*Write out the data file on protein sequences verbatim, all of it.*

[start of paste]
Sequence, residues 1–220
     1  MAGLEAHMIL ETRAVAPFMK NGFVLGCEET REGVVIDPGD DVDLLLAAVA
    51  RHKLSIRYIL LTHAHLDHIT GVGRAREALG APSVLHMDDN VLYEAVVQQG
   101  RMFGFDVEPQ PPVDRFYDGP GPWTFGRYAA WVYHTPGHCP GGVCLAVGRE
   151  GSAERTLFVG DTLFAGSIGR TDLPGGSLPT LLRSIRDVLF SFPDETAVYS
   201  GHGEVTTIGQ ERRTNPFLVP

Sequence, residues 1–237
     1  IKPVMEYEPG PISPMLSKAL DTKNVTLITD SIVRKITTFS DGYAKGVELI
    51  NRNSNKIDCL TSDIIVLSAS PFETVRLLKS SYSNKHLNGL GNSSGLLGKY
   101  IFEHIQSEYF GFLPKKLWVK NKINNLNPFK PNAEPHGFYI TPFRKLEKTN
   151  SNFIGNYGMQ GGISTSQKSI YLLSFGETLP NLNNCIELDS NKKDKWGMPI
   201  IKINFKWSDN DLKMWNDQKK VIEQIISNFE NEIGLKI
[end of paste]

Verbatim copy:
Sequence, residues 1–220
     1  MAGLEAHMIL ETRAVAPFMK NGFVLGCEET REGVVIDPGD DVDLLLAAVA
    51  RHKLSIRYIL LTHAHLDHIT GVGRAREALG APSVLHMDDN VLYEAVVQQG
   101  RMFGFDVEPQ PPVDRFYDGP GPWTFGRYAA WVYHTPGHCP GGVCLAVGRE
   151  GSAERTLFVG DTLFAGSIGR TDLPGGSLPT LLRSIRDVLF SFPDETAVYS
   201  GHGEVTTIGQ ERRTNPFLVP

Sequence, residues 1–237
     1  IKPVMEYEPG PISPMLSKAL DTKNVTLITD SIVRKITTFS DGYAKGVELI
    51  NRNSNKIDCL TSDIIVLSAS PFETVRLLKS SYSNKHLNGL GNSSGLLGKY
   101  IFEHIQSEYF GFLPKKLWVK NKINNLNPFK PNAEPHGFYI TPFRKLEKTN
   151  SNFIGNYGMQ GGISTSQKSI YLLSFGETLP NLNNCIELDS NKKDKWGMPI
   201  IKINFKWSDN DLKMWNDQKK VIEQIISNFE NEIGLKI